In the fall of 1781, it was Armistead who found out that 10,000 soldiers were being ferried from New York to meet Cornwallis at Yorktown. Armistead’s intelligence was given to George Washington who was able to maneuver the French fleet into the harbor to prevent the reinforcements from landing, forcing them to turn around and return to New York. This gave Washington the advantage and opportunity to attack Cornwallis in Yorktown and bring the war to an end. If it hadn’t been for Armistead’s intelligence, the war may have turned out very differently.

 

After the war, most Virginia slaves who had served in the Continental Army were given their freedom, but the law was specific that the slaves must have served as soldiers. Since Armistead did not serve as a soldier, but as a spy, the law didn’t apply to him and he returned to slavery.

 

In 1784, the Marquis de Lafayette learned that Armistead was still in slavery and personally wrote a letter of commendation for Armistead. This letter was presented by Armistead with a petition to the Virginia Assembly in 1786 asking for his manumission (freedom from slavery). For his valuable service, Armistead was granted his freedom by the State of Virginia on January 9, 1787.

 

After gaining his freedom, James took on the name Lafayette and went by James Armistead Lafayette thereafter. He married and eventually purchased 40 acres of land which he farmed and lived on until his death in 1830.

 

http://www.revolutionary-war-and-beyond.com  

 

Jack Manning

President General

2019 – 2021

National Society Sons of the American Revolution

www.sar.org

 

“The liberties of a people never were, nor ever will be, secure, when the transactions of the rulers are concealed from them."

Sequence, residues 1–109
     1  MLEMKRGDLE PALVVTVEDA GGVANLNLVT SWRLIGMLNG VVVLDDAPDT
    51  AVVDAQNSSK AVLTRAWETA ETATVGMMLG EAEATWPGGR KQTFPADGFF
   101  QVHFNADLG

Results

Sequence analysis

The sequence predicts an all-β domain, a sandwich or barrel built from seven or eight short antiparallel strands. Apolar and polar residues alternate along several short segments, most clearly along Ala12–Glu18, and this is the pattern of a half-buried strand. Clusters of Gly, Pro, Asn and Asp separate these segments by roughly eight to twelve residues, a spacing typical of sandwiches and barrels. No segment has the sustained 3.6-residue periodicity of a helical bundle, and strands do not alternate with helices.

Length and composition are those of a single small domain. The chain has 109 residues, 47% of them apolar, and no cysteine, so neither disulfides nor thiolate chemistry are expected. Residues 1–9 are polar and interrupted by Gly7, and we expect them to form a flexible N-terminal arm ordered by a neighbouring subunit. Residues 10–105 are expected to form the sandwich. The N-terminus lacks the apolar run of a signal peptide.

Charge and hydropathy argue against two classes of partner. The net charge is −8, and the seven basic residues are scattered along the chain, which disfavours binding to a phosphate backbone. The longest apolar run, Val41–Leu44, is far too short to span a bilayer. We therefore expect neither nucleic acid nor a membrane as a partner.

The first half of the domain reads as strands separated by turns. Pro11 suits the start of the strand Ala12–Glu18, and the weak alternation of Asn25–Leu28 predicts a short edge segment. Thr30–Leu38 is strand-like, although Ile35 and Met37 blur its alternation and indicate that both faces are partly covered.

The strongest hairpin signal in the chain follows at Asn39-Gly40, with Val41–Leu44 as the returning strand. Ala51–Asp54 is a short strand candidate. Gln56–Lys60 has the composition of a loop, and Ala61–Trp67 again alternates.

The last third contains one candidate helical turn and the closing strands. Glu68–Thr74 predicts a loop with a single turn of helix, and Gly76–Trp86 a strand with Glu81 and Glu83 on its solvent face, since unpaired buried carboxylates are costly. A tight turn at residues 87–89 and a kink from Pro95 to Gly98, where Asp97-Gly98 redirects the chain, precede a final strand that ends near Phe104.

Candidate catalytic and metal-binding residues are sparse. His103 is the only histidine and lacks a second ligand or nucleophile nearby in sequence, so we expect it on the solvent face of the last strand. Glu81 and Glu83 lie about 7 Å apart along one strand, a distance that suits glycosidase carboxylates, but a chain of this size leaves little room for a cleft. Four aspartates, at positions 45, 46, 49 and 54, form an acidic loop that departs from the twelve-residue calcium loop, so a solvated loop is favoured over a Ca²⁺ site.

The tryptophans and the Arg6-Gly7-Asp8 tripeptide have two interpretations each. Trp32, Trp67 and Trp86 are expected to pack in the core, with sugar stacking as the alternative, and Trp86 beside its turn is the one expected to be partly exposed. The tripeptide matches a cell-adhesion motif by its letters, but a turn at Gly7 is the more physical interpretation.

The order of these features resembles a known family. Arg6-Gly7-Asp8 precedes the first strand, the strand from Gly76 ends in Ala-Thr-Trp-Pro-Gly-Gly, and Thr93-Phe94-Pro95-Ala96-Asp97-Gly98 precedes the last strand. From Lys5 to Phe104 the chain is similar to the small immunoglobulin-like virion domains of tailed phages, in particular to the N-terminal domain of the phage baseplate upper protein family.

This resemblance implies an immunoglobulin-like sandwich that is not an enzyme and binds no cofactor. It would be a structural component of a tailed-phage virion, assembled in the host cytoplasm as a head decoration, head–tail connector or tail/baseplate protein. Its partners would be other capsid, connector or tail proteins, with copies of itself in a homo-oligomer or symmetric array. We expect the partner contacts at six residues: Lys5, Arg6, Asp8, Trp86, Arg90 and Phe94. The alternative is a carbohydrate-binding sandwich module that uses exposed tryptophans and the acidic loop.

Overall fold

Patrick Henry, 1788


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General John Burgoyne’s play The Blockade of Boston is interrupted

General John Burgoyne’s play The Blockade of Boston is interrupted

 

On this day in history, January 8, 1776, General John Burgoyne’s play The Blockade of Boston is interrupted when colonists attack Charlestown. Unbeknownst to most, General John Burgoyne, the famous British General who surrendered his army at Saratoga, changing the course of the American Revolution, was also a mildly successful playwright.

 

Burgoyne published his first play, The Maid of the Oaks, in 1774. It was well received and soon opened at the Drury Lane Theater for a run of several nights to both good and bad reviews, but Burgoyne had established his name as a playwright. When Burgoyne was sent to Boston in May, 1775, he used his influence to have Faneuil Hall converted into a theater. One way bored British soldiers trapped in Boston spent their time was in producing plays twice a week on the upper level of Faneuil Hall, to the complete consternation of Boston’s Puritan population, which had outlawed theater performances since 1750, believing them to be instigators of "immorality, impiety and contempt of religion.